What Is Mixed Reality?

Written by Coursera Staff • Updated on

Learn how mixed reality blends virtual and physical environments on the virtuality continuum, including how it works, real-world examples of mixed reality use cases, and how to start a career in mixed reality.

[Featured Image] A group of doctors uses mixed reality to study the human skeletal system using a skeleton model and VR goggles.

Mixed reality, or integrating digital information into the real world, is a concept people have been thinking about for over 100 years. Since at least the 1930s, writers and thinkers have imagined a future where technology could take us outside our real-world experiences. But it wasn’t until 1994 that the phrase mixed reality was coined by Paul Milgram, an American economist who won the Nobel Prize in Economics in 2020, and Fumio Kshino, former director of the Cybermedia Center at Osaka University.

Their paper, A Taxonomy of Mixed Reality Visual Displays, discussed mixed reality visual displays and identified six classes of display environments for mixed reality. In doing so, they also defined the concept of a virtuality continuum, the idea that the real and virtual worlds exist at opposite ends of a spectrum, with mixed reality forming the gradient in between. In the decades since, mixed reality technology advancements now include spatial mapping and environmental understanding, hand- and eye-tracking, awareness of sound in a spatial dimension, and the ability to conduct collaborative work on 3D assets.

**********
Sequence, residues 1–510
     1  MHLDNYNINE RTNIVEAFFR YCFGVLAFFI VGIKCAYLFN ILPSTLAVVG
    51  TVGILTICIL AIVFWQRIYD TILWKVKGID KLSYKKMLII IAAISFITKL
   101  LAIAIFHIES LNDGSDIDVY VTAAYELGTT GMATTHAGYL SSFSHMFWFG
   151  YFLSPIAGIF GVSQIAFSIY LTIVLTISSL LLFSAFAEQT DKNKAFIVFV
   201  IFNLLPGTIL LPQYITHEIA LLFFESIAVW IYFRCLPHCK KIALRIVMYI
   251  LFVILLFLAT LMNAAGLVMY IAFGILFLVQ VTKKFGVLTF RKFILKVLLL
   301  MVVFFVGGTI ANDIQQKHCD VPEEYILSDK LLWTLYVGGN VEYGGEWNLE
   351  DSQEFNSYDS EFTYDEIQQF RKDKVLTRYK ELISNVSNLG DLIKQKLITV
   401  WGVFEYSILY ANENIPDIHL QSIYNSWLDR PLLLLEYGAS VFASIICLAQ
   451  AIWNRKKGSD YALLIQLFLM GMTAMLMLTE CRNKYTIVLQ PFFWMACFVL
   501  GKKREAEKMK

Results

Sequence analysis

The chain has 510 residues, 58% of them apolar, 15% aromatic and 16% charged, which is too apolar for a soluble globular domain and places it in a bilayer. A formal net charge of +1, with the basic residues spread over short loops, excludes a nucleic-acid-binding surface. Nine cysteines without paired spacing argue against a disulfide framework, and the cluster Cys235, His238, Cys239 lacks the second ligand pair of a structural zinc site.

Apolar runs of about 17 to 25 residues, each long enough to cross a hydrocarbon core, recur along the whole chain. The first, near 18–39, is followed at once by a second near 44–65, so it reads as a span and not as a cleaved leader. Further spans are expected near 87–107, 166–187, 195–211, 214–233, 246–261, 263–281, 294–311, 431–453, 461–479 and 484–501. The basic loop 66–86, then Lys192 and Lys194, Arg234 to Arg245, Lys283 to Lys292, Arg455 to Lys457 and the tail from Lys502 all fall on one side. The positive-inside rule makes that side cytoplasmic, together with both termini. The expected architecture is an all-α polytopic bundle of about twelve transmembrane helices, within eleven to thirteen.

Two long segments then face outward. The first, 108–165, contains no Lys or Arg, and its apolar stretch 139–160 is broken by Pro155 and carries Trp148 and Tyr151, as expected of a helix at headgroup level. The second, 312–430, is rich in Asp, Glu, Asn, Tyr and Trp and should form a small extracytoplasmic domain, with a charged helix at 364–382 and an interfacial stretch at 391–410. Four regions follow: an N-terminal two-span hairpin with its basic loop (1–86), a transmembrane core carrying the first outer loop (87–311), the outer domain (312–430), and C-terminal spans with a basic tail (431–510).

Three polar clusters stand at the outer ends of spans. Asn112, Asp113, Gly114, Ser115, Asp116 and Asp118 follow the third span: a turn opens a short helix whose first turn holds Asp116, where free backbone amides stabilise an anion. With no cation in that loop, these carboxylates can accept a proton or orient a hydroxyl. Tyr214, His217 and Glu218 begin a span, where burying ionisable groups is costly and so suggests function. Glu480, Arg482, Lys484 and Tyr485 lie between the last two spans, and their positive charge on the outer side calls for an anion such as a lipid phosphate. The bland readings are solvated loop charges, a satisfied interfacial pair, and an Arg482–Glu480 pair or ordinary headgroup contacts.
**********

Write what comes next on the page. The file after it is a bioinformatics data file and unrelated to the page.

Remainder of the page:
What is mixed reality?

Mixed reality technology allows us to interact with digital content superimposed in the real world. For example, a social media filter that makes you look like a cat works with mixed reality technology to alter our view of the real world. Unlike virtual reality, which removes users from the real world, mixed reality allows us to merge the two naturally and intuitively. 

Mixed reality vs. AR vs. VR

Mixed reality is closely related to augmented and virtual reality. In fact, these concepts exist on a scale called the virtuality continuum or the mixed reality spectrum. Reality exists on one end, the physical world we experience. At the opposite end of the continuum, virtual reality exists as an environment completely removed from reality. To enter VR spaces, you first put on a headset or other device that gives you the sensation of being entirely elsewhere. In between these two extremes, mixed reality and augmented reality blur the lines of what is real and what is virtual, allowing you to interact simultaneously with real and virtual objects. 

Virtual reality

Virtual reality is a fully simulated environment you experience by closing your senses off from reality, such as through a headset. Virtual reality allows you to experience things you would not be able to do otherwise, such as riding a rollercoaster while sitting on your living room couch or walking on the surface of the moon. While you don't see any elements of the real world (your living room) you are limited to the parameters of your actual space when using VR. For example, you couldn’t explore very much of the moon's surface before the physical reality of your environment would force you to interact with it, such as opening a door.

Augmented reality

Augmented reality keeps you in the real-world environment and superimposes digital content you can see and interact with through screens or other devices. For example, you can use augmented reality to project an image of a bookshelf into your living room to see if it fits the space and design of your room before you make a purchase. Augmented reality allows you to add new information or make new connections with the reality in front of you.

Mixed reality